S-Corp sent its members a new survey this Spring. The goal was to follow up the survey we did just after tax reform was enacted to see how things had evolved. Now that our members had a year to digest the new rules, where did they stand? Here are the key takeaways –
- Seven out of ten say their taxes went down or stayed about the same;
- Four out of five say making permanent the 20-percent 199A deduction is a priority; and
- Seven out of ten plan to remain S corporations in the near future.
That’s not bad, considering where we started.
The first question we asked this year was how our members fared under tax reform. Did their taxes go up, down, or sideways. About half the respondents reported that their tax burden declined while 17 percent said their taxes remained about the same. Just one out of ten reported a tax hike.
Eight out of ten reported that making the 199A deduction permanent is a priority. As our EY study shows, tax reform achieved rough parity for pass-throughs with the lower, 21-percent corporate rate, but only if the companies get the full 20-percent 199A deduction, and only if it stays in the Code. Based on these responses, making the 199A deduction permanent will continue to be the top legislative priority for the Association.
Are S corporations switching following tax reform? Harvard economists Robert Barro and Jason Furman estimate one-fifth of pass-through income will migrate to C corporation world in response to tax reform. That seems about right to us — S-Corp has already seen a number of members convert in 2018 and a few more are considering making a change this year. Responses to our survey fit that pattern, with seven out of ten S corporations staying put, while less than one-in-ten are considering switching.
On the other hand, two out of ten report not being sure if they are going to convert. That closely matches the two out of ten who aren’t sure if their taxes went up or down. Treasury is still working through some of the rules they need to calculate their taxes – particularly on international and for calculating the interest deduction cap – so this remaining uncertainty might stem from that. (We’re going in to see Treasury this week on a GILTI issue that could mean the difference between tax cuts and tax hikes for affected business.) For those companies, the jury is still out.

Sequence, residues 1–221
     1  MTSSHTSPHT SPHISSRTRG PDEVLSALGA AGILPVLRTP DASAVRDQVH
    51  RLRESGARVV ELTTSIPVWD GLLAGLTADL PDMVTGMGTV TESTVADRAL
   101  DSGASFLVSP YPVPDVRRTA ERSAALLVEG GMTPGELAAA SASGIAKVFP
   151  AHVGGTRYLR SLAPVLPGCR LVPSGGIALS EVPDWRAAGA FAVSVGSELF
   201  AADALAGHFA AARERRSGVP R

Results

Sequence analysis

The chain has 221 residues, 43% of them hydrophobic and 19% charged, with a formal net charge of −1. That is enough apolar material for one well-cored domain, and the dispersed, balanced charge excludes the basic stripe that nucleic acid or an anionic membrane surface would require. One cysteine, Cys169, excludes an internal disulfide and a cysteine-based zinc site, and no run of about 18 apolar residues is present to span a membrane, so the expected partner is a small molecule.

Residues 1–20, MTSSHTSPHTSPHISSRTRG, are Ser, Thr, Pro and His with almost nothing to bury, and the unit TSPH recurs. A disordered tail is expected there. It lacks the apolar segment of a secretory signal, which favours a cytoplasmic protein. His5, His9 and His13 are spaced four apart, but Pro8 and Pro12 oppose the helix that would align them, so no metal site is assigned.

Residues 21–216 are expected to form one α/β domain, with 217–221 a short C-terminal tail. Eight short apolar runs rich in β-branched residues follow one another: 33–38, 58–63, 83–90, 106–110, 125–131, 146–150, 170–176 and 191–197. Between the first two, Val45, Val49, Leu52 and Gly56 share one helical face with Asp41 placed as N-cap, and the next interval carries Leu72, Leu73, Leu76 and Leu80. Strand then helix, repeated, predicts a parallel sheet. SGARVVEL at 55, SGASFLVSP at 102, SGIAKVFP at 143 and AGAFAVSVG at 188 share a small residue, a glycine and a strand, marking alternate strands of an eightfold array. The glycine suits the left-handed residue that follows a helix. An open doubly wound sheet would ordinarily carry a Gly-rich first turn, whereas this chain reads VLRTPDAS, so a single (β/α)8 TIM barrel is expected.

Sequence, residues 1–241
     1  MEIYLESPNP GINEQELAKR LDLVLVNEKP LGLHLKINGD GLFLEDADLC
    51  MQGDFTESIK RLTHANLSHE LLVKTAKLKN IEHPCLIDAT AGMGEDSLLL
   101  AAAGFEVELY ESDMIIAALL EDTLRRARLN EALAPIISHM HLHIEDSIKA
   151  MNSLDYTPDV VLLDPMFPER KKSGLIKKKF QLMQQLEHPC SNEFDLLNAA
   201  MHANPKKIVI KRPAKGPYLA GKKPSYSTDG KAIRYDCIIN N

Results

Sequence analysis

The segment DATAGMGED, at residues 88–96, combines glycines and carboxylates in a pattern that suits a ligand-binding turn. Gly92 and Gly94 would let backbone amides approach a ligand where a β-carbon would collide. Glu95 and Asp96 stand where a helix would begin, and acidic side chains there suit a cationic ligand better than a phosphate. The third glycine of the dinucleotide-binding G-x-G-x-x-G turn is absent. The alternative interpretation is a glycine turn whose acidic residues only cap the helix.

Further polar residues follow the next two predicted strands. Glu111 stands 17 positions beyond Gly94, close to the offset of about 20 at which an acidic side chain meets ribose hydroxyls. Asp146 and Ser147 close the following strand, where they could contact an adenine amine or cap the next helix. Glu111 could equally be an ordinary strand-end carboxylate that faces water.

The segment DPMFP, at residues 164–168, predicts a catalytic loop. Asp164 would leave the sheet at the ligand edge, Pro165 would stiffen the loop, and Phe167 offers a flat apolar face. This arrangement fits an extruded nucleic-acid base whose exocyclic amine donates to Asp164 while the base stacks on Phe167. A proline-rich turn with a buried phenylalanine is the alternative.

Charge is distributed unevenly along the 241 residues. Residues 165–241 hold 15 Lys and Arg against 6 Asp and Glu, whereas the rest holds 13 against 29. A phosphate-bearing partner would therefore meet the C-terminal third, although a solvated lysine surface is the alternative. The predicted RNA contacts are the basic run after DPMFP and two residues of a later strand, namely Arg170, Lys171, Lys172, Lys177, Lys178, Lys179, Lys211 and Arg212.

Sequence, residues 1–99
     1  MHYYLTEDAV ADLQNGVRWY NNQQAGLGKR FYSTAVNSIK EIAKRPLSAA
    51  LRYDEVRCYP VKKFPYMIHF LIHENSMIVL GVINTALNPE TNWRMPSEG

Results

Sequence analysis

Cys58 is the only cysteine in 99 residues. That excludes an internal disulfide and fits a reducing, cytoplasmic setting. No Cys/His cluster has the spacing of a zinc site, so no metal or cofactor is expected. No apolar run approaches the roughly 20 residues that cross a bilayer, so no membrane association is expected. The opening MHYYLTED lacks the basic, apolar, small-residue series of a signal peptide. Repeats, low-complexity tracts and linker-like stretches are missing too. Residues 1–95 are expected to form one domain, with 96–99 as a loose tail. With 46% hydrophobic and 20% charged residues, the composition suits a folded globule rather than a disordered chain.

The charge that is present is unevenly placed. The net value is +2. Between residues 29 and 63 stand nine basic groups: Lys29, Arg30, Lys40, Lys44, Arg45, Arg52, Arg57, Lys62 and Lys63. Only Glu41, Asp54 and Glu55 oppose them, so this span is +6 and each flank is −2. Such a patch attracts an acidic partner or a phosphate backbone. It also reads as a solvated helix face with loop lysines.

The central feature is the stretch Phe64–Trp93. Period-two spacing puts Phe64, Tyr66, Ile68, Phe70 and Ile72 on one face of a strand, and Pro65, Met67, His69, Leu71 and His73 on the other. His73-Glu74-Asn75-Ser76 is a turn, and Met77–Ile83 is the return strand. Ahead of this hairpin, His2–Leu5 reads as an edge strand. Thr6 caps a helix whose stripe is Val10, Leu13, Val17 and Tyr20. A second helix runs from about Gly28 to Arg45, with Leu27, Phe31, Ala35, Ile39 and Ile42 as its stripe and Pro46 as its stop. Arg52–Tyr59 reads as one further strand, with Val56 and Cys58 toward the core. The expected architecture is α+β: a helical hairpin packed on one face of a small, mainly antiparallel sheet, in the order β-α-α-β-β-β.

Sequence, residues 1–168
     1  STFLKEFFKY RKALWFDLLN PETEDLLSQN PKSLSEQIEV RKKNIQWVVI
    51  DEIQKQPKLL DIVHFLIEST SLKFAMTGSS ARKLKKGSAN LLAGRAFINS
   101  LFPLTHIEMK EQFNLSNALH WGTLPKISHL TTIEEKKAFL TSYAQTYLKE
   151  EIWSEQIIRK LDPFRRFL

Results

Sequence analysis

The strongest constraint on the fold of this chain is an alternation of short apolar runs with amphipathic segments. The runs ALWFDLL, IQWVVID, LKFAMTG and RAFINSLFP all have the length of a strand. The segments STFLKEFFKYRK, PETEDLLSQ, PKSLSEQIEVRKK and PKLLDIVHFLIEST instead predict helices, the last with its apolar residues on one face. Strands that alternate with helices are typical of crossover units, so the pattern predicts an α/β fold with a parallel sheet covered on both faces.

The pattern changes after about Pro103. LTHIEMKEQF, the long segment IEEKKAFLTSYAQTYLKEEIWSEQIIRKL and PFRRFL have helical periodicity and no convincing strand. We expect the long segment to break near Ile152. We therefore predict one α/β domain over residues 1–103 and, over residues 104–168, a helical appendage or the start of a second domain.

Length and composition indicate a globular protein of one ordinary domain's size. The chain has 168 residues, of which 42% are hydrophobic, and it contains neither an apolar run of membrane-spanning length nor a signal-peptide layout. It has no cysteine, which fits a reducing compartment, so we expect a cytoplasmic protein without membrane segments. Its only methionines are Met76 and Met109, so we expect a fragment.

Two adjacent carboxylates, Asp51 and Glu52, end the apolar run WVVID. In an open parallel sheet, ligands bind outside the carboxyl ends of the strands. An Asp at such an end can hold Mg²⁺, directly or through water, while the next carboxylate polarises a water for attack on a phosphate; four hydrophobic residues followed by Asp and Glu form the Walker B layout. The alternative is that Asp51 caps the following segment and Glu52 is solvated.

As to why a company might covert, the most cited reason is to access the new 21-percent rate. Inability to access the 199A deduction, complexity of the new deduction, and the loss of SALT all weighed in about equally as the second most important factor. The loss of the SALT deduction will fall more heavily on companies operating in high tax states, so we expect to see state-by-state differences in the response to that new policy.
Finally, respondents made clear that complexity continues to be an issue. Two-thirds reported their taxes are more complex while less than one-out-of-ten reported less. The remaining one-fourth reported it was about the same. Tax reform simplified filing for many families, but for most S corporations, filing got more complex, not less.
The S-Corp survey was sent to companies organized as S corporations, with the survey respondents tending towards the larger size. Four out of five companies had revenues above $10 million and more than half had 50 or more employees. While the findings are by no means scientific, they do provide a useful window into how larger S corporations are doing under tax reform.
For the majority of respondents, the outlook is generally positive – their taxes went down or stayed the same. But that outcome depends entirely on making the 199A deduction permanent, and it did come at the cost of more complexity. Meanwhile, a significant minority are still working through the numbers, are not sure if their taxes went down or up, and are not even sure if they will remain S corporations next year. For those companies, the benefits of tax reform remain to be determined.